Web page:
of Mrs. Peter Piper
MOORE. Good evening. Once again we bring you another in our series "Ask Dr. Sisters," the show that takes your innermost private secrets and broadcasts them to 27 million people. Here is Dr. Grace Sisters. (Burnett enters to music and applause)
BURNETT. Hi there, sickies!
The confidential letter I am going to discuss tonight is from a Mrs. Robert Wright. She has asked me not to reveal her name, so I'll simply call her Mrs. R.W.
If Mrs. Wright is watching, I'm sure she knows I mean her.
Mrs. R.W. is a woman she really is who lets trivial, petty, insignificant things bother her, instead of analyzing them rationally, dispassionately, objectively, as I do.
Mrs. R.W. writes: "If my husband doesn't stop eating with his knife and dropping cigar butts on my nice rugs, I'm going to put poison in his bourbon."
Here, you see, Mrs. R.W. is getting overemotional. Her desire to murder her husband shows that she's thinking of herself, not him.
I realize that men can be trying. Heaven knows, my own dear husband isn't completely without faults. Luther that's my own dear husband Luther has a cute little habit, as it were, of clearing his throat, like this: huch-hm.
Now it's really nothing. And it certainly isn't annoying. (Laughs self-consciously) It's just that it can be distracting when you're talking to someone who keeps saying hyuuch-hmm all the time.
But I have found that when two well-adjusted people love each other, the serene, rational thing to do is to simply ignore his little hyuuc-hum and hyaack-hmm. I don't even notice when he does that. (Grimly) I refuse to let it "get" me.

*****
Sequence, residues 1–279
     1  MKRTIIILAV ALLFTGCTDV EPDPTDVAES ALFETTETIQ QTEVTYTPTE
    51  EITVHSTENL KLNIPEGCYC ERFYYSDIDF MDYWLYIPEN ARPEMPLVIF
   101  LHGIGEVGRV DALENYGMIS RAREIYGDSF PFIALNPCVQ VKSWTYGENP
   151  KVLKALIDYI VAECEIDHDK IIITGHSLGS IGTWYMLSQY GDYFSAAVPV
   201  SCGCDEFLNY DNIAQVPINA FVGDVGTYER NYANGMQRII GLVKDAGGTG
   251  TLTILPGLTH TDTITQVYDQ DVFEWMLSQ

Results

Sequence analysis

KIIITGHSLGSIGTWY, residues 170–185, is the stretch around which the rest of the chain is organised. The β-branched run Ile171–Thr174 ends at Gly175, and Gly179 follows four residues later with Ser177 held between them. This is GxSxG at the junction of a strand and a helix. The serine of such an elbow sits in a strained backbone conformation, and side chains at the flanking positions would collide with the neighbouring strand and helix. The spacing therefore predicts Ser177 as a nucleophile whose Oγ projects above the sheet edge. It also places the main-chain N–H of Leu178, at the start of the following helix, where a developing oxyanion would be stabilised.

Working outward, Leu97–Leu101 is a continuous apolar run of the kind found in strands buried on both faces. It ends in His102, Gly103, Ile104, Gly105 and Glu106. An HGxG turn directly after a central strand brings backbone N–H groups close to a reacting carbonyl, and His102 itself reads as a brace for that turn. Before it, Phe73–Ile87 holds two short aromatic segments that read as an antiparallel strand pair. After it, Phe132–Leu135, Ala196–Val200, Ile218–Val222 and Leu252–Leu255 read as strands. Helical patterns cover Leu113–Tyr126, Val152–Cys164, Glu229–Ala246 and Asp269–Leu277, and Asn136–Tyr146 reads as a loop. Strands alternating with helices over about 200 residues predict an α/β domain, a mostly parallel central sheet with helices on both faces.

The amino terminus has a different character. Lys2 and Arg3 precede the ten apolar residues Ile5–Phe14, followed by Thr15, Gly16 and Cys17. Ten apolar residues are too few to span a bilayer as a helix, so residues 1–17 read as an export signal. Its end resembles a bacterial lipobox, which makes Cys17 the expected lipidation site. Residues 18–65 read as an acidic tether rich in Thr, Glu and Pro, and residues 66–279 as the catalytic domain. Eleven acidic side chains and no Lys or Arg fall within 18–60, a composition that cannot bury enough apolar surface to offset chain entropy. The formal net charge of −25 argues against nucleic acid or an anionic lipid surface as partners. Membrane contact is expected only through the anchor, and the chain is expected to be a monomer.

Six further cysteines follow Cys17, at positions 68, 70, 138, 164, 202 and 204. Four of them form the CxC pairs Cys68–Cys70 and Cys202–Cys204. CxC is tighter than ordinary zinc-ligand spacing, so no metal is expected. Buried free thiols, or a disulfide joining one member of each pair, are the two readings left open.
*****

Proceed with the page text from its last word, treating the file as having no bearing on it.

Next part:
I wonder if you, Mrs. R.W., can handle the situation like this.
(Losing her composure) I'll bet you couldn't! You'd probably stab him with a carving knife if you were in a house that had all that HYACK-HUM going on! I've got to put up with HYAAACK-HUUM this and HYUCH-HMMM that! (Shouting incoherently and clearing her throat obnoxiously, she has to be carried off by Moore while the sketch's ending music plays.)
ANNOUNCER. Good evening. Welcome to "Famous Courtroom Trials." Tonight, one of the most dramatic and gripping cases in courtroom history: the trial of Mrs. Peter Piper.
This is the old and regal King's Court in London. The key figures in this drama are entering the courtroom now. (Moore enters) There is Lord Simon Humphreys, for the Crown. (Kirby enters) And I see now Sir Guy Williams, the great defense attorney, who represents Mrs. Piper. The bailiff is ordering the court to be still, and the case will now begin.
BAILIFF. Hear ye! Hear ye! Her majesty's court is now in session.
KIRBY. My lord, I should like to call Mrs. Peter Piper to the stand.
CONWAY. Uh, bailiff (motions to him).
BAILIFF. Mrs. Peter Piper! (Burnett enters in a widow's veil) Do you solemnly swear blah-blah-blah, so help you?
BURNETT. Of course.
KIRBY. Now, then. You are the wife of the deceased?
BURNETT. I am.
KIRBY. And your husband's name was ?
BURNETT. Peter Piper.
KIRBY. Mrs. Piper, what was your husband's occupation?
BURNETT. He was in the pickled pepper business.
KIRBY. What did he do in the pickled pepper business?
BURNETT. He picked a peck of them.
KIRBY. Thank you. Your witness.
MOORE. Mrs. Piper. Huch-hm. You say your husband was a pickle pepperer?
BURNETT. I did not.
MOORE. Then what did you say?
BURNETT. I said he was a pepper pickler.
MOORE. Oh. Would you please tell the court, just what is the difference between a pickle pepperer and a pepper pickler?
BURNETT. A pickle pepperer peppers pickles, and a pepper pickler pickles peppers.
KIRBY. My lord, I object! The deceased's occupation has absolutely no bearing on this case whatsoever. None at all.
MOORE. On the contrary, my lord. I am trying to establish that on the night of the crime, the deceased was not peppered, he was pickled!
CONWAY. Order! Order! Uh, overruled.
MOORE. Thank you. Your witness.
KIRBY. Thank you. Mrs. Pickle
BURNETT. Mrs. Piper.
KIRBY. I beg your pardon.
BURNETT. My pleasure.
KIRBY. Mrs. Pepper
BURNETT. Mrs. Pickle.
KIRBY. Mrs. Pickle?
BURNETT. No, I mean Mrs. Piper.
KIRBY. I'm sorry.
BURNETT. So am I.